Pearl divers of Japan by Sarah Corbett
The word ‘Ama’ means ‘Sea women’.
The Ama are believed to have been in existence for 2000 years.
The Ama women specialised in free diving to depths of 30 feet, they had breathing skills which allowed them to hold their breath for extended lengths of time. Diving naked or wearing just a loin cloth( Fundoshi) they would work for 4 hours per day gathering abalone, octopus, lobsters, sea urchins and seaweed.Until the advent of the cultured pearl farming industry : the discovery of a pearl was a fortunate and profitable bonus for the Ama gatherers.
In 1893 Kokichi Mikimoto created the first cultured pearl, and by 1914 he had established pearl farms in the South Sea at his oyster beads near to Ishigaki Island. The Ama were employed to use their unique skills to take care of the cultured pearl farms. The role of the Ama was to collect oysters from the seabed so that the pearl producing nucleus could be added. The Ama would then carefully return the oyster to the seabed. This process required the Ama to hold their breath for 2 minutes. When they reached the surface of the ocean following a dive the Ama would exhale slowly making a whistling sound which was known as ‘Isobue’.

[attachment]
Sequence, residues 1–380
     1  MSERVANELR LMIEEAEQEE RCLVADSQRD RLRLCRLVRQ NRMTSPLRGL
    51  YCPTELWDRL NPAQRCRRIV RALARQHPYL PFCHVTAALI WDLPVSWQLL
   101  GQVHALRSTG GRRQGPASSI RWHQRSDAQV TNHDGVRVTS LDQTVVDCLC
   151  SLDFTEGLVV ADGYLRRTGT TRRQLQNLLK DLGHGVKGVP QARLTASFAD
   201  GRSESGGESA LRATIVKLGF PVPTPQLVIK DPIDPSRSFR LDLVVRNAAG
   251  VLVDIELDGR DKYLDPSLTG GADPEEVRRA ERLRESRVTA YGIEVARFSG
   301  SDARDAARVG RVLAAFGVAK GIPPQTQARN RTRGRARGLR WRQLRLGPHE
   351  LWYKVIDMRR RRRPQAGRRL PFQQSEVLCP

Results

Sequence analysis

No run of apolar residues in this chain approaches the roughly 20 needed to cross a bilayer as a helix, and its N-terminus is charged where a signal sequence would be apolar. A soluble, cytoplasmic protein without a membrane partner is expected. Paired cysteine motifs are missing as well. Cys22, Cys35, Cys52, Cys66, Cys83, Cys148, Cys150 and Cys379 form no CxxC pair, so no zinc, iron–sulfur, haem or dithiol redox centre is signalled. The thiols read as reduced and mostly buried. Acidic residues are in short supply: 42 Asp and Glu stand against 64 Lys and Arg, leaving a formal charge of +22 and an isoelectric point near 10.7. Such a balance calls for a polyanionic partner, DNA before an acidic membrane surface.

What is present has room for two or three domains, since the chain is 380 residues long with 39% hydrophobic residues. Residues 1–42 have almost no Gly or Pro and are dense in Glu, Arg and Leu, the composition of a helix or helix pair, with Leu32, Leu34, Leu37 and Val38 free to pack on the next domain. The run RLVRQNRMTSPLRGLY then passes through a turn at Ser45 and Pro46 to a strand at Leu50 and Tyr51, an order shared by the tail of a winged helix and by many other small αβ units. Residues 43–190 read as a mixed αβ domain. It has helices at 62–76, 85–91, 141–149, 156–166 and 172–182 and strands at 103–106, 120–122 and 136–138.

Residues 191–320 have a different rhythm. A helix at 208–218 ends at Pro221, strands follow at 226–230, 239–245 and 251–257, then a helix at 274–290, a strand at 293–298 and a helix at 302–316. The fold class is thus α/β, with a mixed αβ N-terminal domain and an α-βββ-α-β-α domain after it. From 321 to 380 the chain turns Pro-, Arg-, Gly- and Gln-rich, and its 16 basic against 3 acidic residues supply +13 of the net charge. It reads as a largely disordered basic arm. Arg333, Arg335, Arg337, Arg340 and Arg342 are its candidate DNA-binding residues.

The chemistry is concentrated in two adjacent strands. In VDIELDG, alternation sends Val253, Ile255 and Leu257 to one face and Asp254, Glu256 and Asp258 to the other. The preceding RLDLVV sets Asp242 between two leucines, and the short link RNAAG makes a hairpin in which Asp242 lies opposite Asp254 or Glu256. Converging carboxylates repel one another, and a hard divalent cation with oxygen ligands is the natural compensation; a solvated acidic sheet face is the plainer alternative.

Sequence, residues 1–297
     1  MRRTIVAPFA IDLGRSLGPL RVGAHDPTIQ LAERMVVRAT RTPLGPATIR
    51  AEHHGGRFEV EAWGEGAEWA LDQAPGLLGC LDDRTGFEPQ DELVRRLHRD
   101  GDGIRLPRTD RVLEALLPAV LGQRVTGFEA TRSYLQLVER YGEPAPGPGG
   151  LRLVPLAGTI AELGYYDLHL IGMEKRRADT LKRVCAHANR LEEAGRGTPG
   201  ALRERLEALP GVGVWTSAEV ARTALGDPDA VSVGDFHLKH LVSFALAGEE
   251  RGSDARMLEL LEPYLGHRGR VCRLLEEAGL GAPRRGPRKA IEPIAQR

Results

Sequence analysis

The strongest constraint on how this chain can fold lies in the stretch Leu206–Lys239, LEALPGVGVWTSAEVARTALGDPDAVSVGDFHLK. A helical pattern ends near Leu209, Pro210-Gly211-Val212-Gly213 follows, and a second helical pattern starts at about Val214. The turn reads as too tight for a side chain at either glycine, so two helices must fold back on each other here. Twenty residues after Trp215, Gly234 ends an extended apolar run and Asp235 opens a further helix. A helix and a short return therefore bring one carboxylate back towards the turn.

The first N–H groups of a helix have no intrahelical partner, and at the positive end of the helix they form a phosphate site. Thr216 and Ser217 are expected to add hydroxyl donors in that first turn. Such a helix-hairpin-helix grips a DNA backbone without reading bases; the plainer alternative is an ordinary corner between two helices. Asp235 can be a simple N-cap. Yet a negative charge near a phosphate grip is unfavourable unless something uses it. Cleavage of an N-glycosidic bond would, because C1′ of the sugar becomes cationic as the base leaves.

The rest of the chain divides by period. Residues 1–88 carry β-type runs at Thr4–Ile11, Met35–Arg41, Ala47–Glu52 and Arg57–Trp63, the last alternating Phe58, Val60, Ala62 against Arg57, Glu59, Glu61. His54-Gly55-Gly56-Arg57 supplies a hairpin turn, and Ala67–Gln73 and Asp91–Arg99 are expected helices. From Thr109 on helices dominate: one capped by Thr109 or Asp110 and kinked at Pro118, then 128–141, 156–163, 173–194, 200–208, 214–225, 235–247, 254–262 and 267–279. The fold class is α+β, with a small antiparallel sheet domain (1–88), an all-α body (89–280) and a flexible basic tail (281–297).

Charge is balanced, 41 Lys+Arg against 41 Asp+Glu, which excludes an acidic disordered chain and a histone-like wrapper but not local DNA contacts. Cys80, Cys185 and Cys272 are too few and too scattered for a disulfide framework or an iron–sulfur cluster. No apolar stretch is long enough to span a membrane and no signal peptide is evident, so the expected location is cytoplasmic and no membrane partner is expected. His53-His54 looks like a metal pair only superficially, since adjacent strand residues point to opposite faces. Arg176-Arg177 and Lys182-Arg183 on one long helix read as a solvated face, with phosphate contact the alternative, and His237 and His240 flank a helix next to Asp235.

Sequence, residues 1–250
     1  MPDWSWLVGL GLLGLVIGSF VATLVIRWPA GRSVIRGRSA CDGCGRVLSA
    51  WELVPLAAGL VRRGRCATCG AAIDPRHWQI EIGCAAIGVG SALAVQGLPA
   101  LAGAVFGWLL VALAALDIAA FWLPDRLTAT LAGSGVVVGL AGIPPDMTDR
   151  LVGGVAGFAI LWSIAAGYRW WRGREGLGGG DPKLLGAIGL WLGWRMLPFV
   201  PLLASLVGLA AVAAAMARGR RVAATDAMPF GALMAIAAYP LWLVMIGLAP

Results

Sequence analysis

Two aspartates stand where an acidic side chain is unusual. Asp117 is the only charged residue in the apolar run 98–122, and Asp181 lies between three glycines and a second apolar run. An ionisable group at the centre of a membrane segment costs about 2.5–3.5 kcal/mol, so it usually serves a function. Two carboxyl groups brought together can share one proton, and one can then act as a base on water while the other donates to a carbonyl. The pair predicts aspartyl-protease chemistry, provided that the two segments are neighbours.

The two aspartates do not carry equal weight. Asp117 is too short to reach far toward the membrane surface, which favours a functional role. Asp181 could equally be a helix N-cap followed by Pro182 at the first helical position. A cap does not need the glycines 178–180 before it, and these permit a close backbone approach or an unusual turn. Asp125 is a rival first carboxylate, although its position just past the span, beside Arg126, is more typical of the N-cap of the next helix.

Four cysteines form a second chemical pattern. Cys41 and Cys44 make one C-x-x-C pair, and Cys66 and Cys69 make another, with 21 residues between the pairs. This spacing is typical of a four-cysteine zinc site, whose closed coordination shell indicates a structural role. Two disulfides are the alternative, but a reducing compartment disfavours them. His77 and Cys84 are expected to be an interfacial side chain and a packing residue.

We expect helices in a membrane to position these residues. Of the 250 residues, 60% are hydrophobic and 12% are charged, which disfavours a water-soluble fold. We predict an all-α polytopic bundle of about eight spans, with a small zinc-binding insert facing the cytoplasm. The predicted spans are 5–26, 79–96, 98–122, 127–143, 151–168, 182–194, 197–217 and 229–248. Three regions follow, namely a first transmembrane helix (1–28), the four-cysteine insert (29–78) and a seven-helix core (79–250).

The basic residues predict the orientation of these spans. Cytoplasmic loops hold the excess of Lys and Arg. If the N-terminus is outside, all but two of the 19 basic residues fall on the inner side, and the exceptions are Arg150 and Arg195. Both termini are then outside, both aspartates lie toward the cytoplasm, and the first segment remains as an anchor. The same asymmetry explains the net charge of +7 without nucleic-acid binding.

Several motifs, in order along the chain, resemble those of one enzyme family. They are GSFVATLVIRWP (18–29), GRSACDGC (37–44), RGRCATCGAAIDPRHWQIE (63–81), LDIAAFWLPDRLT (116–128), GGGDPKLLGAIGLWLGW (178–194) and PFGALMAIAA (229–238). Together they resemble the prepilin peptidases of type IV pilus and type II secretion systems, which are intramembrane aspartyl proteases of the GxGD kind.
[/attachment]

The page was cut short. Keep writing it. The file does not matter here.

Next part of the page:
While the traditional Ama divers wore only a ‘Fundoshi’ ( Loincloth) and a ‘Tenugui’ ( Bandana), the Ama who worked for Mikimoto wore a full white diving costume. The women were attached by a rope to a buoy made of wood, they would use the buoy to hold and to rest beside at the surface between dives.
The Ama women continued to dive into old age. Some Ama divers were recorded as being over 90 years of age. These veterans of the seabeds have practiced the art for many years , and have spent much of their life at Sea.
With the modernisation of the Japanese fisheries, this ancient practice is dwindling.